Resources: Skills, education, helping hand

1. Got into debt. Need out.
Resources: Dave Ramsey, YNAB
- Note that it's possible to skip this level, but most people learn it the hard way (student loans, etc.)

2. On steady ground, but in need of basic money management skills
Resources: Suzy Orman (have you thought about retirement?), Betterment, Mutual/Lifestrategy funds, Fail Safe Investing (sound basic principles over extreme detail)

3. More is better (focus on career, grow your investments, enjoy your money)
Resources: Bogleheads, career guides, savings discussions, financial advisers (when required)

4. More isn’t all it’s cut out to be (burnout phase)
Resources: YMOYL, Work Less Live More (things that talk about balance more than money), basic SWR introduction

5. Less is better (focus on what’s important)
Resources: MMM, advanced SWR research, blogs like Brave New Life (wish he was still posting), downsizing ideas
- BTW, I've found that a lot of people today (including a few popular ER blogs) skip from step 2 to 5 while carrying the disillusionment associated with 4. But in the process they only have level 2 money management skills for nonexistent assets and are looking for easy answers. I like to encourage people to try Bogleheads, PortfolioCharts, etc. to expand their financial horizons, and I also try to give good career advice to help them find a happy career path rather than the first possible exit. The accumulation associated with Level 3 is still a necessary step even if you're smarter about it than most.

6. It’s not really all about money to begin with
Resources: ERE, Taleb
- Lots of people take the fast track to step 5 and stop there. But they intuitively understand their money-centric plan is fragile, which is why they fret about 4 vs 3 vs 2% SWRs, market valuations, politics, and any other reason they can think of to justify working OMY. ERE is the best resource I've found to date to help people think about antifragile systems applied to life to give them the skills and confidence to escape that cycle.

7. Living completely independent of the financial system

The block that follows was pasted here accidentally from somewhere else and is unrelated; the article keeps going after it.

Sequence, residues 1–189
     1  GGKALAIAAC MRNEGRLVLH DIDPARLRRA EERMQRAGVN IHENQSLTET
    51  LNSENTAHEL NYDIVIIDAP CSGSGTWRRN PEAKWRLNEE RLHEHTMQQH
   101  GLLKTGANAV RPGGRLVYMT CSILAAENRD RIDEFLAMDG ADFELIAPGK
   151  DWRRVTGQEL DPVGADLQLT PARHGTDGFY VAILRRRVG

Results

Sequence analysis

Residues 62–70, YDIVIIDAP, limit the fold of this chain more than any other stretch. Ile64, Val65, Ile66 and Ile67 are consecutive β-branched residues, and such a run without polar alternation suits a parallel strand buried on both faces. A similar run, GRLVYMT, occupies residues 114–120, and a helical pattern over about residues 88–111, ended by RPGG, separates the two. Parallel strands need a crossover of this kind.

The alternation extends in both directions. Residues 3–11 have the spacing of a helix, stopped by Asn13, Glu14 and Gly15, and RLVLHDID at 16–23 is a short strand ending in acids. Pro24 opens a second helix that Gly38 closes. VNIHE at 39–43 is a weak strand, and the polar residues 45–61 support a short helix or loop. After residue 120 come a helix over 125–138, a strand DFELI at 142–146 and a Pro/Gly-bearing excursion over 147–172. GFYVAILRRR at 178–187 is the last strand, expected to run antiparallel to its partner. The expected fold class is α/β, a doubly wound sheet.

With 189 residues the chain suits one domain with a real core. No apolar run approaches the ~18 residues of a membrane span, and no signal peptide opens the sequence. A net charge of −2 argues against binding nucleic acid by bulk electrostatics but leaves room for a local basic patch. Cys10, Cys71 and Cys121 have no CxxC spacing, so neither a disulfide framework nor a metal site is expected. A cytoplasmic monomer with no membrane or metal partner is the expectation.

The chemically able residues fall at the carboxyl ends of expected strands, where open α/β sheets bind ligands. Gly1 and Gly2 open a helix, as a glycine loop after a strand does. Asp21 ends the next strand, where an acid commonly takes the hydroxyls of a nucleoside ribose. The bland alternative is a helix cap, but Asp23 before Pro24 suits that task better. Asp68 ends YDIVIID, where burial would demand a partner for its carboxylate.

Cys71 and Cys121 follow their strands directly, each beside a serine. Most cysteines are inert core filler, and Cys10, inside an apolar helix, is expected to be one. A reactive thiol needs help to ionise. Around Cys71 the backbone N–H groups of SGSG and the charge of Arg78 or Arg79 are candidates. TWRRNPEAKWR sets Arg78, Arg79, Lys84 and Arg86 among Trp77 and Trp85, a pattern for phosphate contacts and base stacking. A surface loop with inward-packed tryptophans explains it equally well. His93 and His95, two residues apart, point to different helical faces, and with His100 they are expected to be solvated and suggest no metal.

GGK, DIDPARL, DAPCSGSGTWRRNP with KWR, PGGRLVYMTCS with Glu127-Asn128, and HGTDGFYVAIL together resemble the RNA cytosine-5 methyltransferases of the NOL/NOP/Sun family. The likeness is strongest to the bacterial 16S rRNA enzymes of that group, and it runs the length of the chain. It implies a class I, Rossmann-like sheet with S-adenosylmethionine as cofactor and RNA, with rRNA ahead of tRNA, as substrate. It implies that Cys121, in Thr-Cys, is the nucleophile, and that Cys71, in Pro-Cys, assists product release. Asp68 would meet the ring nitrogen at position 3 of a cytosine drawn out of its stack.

Resources: Skills, helping hand
- Note that that the levels are cyclical, and level 7 could also be considered a conscientious version of Level 0. Thus Jacob's common observation that ERE often has more in common with the working poor than the middle class.

(BTW, I feel like there might also be a missing level between 6 and 7 but can't quite put my finger on it. Probably because that's as far as I've personally experienced and don't know any better! ;) Something about the transition back off the grid, or prototyping that lifestyle -- any suggestions?)
Last edited by Tyler9000 on Wed Sep 07, 2016 9:41 pm, edited 6 times in total.

Scott 2
Posts: 1288
Joined: Sun Feb 12, 2012 10:34 pm

Re: The ERE Wheaton Scale

Post by Scott 2 » Wed Sep 07, 2016 6:42 pm

Using absolute dollar values is brittle, both over time and location. Why not use percent of median income?

Riggerjack
Posts: 2639
Joined: Thu Jul 14, 2011 3:09 am

Re: The ERE Wheaton Scale

Post by Riggerjack » Wed Sep 07, 2016 9:18 pm

This seems an oversimplification, to the point of being ineffective.

Trying to tie all of ERE into one axis is simply always going to be problematic, as EVERYBODY here has different priorities.

I would break it out as a financial 1-10 scale, similar to any of the previous suggestions. And a skill scale, A-?

This would allow for the skills being a direct substitute for money, to help people easily see that it's not just about a savings rate. That this can work at the income levels of illinidave, or that of 7w5.

So levels would be expressed as 4f or 7c, depending on personal priority.

As long as I'm on the subject, I think savings rates of savings/expenses would really hammer away at the frugality side of the equation. An increase of savings from 40% to 50% is significant. By the same token, that is a change of 66% to 100% as expressed savings over expense. Just my $.02.

black_son_of_gray
Posts: 344
Joined: Fri Jan 02, 2015 7:39 pm

Re: The ERE Wheaton Scale

Post by black_son_of_gray » Wed Sep 07, 2016 10:30 pm

I'm looking at Jacob's latest version, and I'm starting to think that there are actually two parallel tracks/progressions embedded within levels 1-8. (ignore the vacation column for this post, emphasize 'focus' and 'paradigm')

The first track is levels 1-5. I'd call this "Financial Independence".
In particular it frames things in equations - it figures out the relevant equations, it solves for x, it finds local minima and maxima. Optimization is the natural peak of this framing.

The second track is level 1, then 6-8. I'd call this "ERE".
Here the framing is not equations, but reactions. This world is in constant flux. There are reagents and products, reaction rates spitting out products (yields), and dynamic equilibria. Finding, cultivating, and maintaining a stable equilibrium is the natural peak of this framing.

Naturally, the two tracks intertwine, just as ERE and FI have inextricable links. But the vibe is different, as is the endgame. For FI, any given strategy should result in an optimum (at least in theory, life makes things messy). But for ERE, there are many stable equilibria and they evolve in time. You need to find one that works for you, but there are many solutions that can get you there.

Post Reply